“How do you time the struggle of the stomach?” asked Monyela.

“How do you expect us to wait when people are looting the Covid-19 relief funds, yet the entire world is under so much pressure from the pandemic?”

Union members outside the offices of the Minerals Council SA before handing over a memorandum. (Photo: Shiraaz Mohamed)

Federation of Unions of South Africa (Fedusa) spokesperson Frank Nxumalo said, “We are here to join our sister federation Cosatu because the issues that they are raising here are cross-cutting issues and ones that affect all of us as the working class. However, as Fedusa our main problem is corruption.

“Our colleagues are frontline workers in the fight against the Covid-19 pandemic, and corruption has deprived our members of proper PPE. As labour, we have a direct interest in what is happening as it affects the way we care for patients.”

Motlatsi Tsubane, Cosatu Western Cape chairperson, addresses the crowd outside Parliament in Cape Town. (Photo: Brenton Geach)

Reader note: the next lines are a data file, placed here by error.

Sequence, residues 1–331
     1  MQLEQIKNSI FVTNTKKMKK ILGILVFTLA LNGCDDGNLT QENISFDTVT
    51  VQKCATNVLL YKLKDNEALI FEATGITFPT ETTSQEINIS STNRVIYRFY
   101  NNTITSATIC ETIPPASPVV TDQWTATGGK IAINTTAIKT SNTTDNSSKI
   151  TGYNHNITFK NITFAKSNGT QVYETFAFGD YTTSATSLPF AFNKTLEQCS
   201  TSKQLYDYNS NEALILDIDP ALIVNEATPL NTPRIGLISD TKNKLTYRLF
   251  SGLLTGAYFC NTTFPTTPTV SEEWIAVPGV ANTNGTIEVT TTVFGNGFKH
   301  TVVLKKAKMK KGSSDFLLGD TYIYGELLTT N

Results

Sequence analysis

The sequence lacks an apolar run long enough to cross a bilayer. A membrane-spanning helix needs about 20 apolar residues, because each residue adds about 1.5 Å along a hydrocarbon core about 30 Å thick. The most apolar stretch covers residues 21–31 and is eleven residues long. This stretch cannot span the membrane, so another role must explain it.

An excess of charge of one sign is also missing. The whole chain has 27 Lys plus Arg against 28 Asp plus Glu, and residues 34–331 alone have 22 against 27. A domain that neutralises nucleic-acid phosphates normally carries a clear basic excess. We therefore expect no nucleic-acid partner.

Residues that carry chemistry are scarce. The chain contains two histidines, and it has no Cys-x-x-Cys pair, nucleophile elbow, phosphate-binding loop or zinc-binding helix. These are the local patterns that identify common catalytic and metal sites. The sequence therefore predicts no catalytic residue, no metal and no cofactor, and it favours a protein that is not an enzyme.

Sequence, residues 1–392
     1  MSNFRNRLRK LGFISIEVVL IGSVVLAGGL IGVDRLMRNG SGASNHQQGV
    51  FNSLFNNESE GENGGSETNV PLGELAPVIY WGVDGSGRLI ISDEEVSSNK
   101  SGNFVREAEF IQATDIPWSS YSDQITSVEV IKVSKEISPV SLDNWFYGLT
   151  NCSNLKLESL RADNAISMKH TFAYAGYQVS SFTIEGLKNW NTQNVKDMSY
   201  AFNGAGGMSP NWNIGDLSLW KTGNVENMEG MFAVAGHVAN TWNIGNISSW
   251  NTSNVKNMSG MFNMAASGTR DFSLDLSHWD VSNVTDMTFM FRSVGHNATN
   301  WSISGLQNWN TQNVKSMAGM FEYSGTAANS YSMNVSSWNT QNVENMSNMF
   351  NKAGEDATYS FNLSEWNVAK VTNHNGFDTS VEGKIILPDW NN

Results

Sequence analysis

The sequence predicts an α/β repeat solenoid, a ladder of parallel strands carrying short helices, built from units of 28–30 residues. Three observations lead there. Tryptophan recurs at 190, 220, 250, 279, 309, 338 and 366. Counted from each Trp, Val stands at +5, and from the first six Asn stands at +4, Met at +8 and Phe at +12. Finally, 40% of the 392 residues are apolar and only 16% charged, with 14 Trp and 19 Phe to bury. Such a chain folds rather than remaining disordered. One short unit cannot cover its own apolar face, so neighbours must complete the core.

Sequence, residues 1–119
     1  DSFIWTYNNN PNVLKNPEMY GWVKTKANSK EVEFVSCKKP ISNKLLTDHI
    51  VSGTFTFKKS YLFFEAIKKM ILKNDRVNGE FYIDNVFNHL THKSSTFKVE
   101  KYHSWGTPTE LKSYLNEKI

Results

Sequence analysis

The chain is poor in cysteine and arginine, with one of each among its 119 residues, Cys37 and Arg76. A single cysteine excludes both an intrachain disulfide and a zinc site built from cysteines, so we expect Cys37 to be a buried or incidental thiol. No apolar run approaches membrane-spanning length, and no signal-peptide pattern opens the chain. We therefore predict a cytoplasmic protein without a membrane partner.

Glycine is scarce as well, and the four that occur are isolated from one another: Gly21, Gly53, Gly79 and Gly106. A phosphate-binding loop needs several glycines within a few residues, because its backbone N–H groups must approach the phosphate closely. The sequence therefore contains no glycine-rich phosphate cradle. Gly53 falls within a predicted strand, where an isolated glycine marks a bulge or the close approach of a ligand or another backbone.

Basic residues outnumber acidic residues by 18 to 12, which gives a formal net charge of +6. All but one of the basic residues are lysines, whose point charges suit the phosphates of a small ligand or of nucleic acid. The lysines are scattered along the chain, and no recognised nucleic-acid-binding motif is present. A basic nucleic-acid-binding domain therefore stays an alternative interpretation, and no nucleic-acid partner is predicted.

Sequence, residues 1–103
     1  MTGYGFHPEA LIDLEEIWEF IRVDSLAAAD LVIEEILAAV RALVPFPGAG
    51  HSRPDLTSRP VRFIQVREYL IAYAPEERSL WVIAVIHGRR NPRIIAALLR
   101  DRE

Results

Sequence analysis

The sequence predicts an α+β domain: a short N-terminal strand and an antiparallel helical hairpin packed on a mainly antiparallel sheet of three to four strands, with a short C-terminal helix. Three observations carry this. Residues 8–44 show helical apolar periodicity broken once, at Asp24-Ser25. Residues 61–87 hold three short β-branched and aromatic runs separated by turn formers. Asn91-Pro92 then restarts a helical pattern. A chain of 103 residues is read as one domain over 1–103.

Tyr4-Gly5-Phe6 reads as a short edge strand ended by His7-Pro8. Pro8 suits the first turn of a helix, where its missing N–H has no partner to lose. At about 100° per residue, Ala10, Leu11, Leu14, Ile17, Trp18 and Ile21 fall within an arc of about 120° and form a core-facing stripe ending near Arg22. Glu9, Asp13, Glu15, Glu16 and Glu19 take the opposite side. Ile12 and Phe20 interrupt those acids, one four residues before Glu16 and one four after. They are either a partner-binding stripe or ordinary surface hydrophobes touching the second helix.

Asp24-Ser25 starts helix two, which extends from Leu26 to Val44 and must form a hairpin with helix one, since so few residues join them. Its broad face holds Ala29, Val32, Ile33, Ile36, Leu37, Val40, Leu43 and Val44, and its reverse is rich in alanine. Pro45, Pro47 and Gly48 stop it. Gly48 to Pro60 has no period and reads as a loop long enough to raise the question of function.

PPE for frontline workers in the medical profession has been a contested issue, with claims of widespread corruption in awarding tenders.

Patience Phirwa, a nurse at the Charlotte Maxeke Hospital in Johannesburg, said:

“We had to perform our duties without protection. Charlotte Maxeke was a high-risk hospital, but we still have a shortage of PPE. We are saying as Denosa [the Democratic Nursing Organisation of South Africa], especially nurses that have been facing death daily, that we are fed up.

“The working conditions are very scary. We are not valued as nurses in this country. We are only driven by our pledge to serve our communities. Laundry nurses work in risky conditions where they constantly come into contact with dirty linen and without proper protection.”